“No longer them”?

You worked hard to become an “In.”  There was an undeniable selection process involved in which you were deemed to be “In-Worthy” whereas the masses (now using the derogatory definition of the word) were adjudged “not.”
It is possible that that doesn’t mean anything – your acceptance could have been a fluke, or an accident of birth.  But whatever it was, it happened.  And now, you’re “In” and they’re “Out.”  Being a decent and compassionate person, you might believe, or at least believe you believe that, “I am not better than anybody else.  Nothing has changed.  Except that I’m ‘In’ and they’re ‘Out.’”

In practice, however, it does not seem to work that way.  “In-ness” and “Out-ness” engender meaningful consequences.  Consider an example.  Wait, why be stingy?  Consider two examples:

I am attempting to engage this guy I have just met in conversation, and he is unequivocally blowing me off.  He cannot get away from me fast enough.  Twenty minutes later, after apparently Googling my impressive television writing credits, he returns, beaming:

“I know who you are!”

You see what happened there?  First I was “Out” and then I was “In.”

While all the time being exactly the same person.

Example Two:  (Surprisingly not about me.)

A wonderful new acquaintance reveals that her longtime companion was of a lofty status, allowing her access to his “A-List” community.  When he died, they immediately cut her off.

You see that? – It’s the same story turned around.  First, she was “In” and then she was “Out.”

Remaining throughout exactly who she had always ever been.

I know the “In” and “Out” paradigm appears innately hard-wired and runs historically deep.  Mel Brooks quintessentially capsulized it when, as the “2000 Year-Old Man” he intoned his cave’s unapologetically “In”-inflected Anthem:

“Let ‘em all go to hell, except Cave Seventy-Eight!”

But to paraphrase – and remove much of the poetry – from the inspirational speech by Dr. Martin Luther King,

“I look to the day when a person is judged by the content of their character… and that’s it.”

Any chance of that happening, do you think?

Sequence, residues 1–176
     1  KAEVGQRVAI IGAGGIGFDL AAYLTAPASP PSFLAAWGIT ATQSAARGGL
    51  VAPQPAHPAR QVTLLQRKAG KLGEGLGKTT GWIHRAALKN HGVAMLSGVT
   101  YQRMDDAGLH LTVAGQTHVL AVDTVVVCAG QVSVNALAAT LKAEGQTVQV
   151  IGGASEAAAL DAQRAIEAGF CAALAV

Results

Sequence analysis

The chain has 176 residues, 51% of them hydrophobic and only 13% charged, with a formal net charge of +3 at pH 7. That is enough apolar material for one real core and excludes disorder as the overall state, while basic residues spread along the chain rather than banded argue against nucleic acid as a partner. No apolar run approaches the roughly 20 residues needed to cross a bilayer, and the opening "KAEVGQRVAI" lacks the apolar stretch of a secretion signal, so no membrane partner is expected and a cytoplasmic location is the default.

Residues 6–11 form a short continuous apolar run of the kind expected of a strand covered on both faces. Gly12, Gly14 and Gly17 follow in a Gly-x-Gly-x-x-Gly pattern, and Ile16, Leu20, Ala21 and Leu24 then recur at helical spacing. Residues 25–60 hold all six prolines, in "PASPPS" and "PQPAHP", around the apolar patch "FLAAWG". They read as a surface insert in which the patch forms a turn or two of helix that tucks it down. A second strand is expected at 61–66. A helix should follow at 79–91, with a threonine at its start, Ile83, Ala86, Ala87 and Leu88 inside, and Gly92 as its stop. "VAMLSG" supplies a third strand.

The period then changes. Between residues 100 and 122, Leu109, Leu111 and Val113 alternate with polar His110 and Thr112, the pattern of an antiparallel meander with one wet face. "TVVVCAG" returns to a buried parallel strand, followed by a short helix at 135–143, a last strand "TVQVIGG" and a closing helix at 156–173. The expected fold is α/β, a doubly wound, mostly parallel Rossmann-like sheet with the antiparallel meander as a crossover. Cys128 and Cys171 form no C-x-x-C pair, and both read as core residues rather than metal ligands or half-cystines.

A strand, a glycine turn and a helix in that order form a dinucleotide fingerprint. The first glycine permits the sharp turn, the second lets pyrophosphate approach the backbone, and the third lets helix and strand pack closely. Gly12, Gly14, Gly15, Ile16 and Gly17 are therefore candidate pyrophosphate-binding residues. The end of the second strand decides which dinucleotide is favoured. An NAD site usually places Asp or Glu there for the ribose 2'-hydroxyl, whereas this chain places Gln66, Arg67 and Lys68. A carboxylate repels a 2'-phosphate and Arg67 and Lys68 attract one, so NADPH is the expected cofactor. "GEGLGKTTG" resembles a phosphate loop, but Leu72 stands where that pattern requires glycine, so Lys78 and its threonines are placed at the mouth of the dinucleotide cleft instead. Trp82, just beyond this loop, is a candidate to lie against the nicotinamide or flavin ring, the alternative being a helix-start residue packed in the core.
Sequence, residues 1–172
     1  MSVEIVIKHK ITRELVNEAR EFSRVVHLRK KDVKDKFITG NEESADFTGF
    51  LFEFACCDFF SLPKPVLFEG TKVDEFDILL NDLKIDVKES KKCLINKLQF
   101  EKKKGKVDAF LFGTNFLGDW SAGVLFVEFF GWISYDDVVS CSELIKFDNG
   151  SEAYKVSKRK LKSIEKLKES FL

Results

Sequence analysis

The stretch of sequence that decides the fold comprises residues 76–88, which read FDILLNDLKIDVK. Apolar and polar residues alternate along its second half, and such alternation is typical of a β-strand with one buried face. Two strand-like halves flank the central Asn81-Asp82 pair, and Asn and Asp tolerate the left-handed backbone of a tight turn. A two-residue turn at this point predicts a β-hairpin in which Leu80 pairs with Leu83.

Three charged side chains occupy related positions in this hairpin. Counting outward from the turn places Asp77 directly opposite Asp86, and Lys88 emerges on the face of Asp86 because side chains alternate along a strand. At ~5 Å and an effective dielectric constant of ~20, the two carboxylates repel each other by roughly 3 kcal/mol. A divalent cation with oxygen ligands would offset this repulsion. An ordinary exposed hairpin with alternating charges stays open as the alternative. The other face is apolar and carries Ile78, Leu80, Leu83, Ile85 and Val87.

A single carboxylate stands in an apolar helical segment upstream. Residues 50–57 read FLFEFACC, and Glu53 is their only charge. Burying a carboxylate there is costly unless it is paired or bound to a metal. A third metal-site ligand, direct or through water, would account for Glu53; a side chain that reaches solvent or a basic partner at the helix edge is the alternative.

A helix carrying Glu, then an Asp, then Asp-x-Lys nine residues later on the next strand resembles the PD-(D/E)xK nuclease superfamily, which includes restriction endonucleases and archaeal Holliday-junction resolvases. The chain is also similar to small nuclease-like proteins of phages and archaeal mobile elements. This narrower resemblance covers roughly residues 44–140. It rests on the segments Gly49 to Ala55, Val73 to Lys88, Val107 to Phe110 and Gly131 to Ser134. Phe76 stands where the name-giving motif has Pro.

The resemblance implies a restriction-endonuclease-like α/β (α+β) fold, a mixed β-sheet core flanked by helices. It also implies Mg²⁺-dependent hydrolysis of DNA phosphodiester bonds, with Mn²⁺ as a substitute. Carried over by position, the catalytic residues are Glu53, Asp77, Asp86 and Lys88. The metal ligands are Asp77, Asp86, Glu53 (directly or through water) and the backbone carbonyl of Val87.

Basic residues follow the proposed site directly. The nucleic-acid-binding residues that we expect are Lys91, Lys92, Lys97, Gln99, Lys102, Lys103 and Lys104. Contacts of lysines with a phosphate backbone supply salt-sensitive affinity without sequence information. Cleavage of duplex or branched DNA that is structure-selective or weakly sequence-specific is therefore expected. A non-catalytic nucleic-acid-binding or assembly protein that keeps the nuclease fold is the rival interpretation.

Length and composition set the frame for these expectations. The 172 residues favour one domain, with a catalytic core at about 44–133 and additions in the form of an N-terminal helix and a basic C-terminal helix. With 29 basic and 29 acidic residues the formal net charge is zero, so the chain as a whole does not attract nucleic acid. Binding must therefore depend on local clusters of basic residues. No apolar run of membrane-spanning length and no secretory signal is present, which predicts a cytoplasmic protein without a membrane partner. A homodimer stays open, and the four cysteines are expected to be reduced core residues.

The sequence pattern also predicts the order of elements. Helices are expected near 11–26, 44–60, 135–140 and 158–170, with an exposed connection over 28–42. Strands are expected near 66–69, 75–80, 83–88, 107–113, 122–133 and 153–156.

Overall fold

Anonymous said...


JED said...

I try to be optimistic about these sorts of things but this is one case where I have to agree with your previous commenter, Anonymous. Most people are deeply into making Us/Them distinctions.

Just the other day, when I had the audacity to pull out onto the road when the next car was at least 100 yards away, the driver of that car (who, in my judgement, had been traveling the speed limit of 40 mph), roared up to my bumper and followed dangerously closely for the next few miles - even after I had sped up to over 40 mph (to appease them I hoped) rather quickly.

The other driver had apparently been born on this road and was not about to allow some riff raff in front of them. I hadn't been invited into this traveling fraternity so this couldn't have been a case of hazing. I think I was being met at the border and told to go back to my own kind. For all this driver knew, I might just let other interlopers onto the other driver's road. That's the trouble with letting one outsider in the club.

So, in agreeing with Anonymous, I have to say, "No. Even if a larger number of us want to try to follow your and Dr. King's paraphrased statement, there are just too many people adamantly opposed to it that are only too ready to throw us out, too."

Jim Dodd

Wendy M. Grossman said...

I think there's some biological imperative here, that resources are always limited and we share them with *us*, not *them*.

As for FDR, don't rejections in your teen years, when your ego is at its most fragile, often hurt more than they do later, when you have more experience and perspective? A friend who ran one of the oldest online communities once commented that she thought that a lot of the behavior we see online is working out high school angst. Sounds right to me.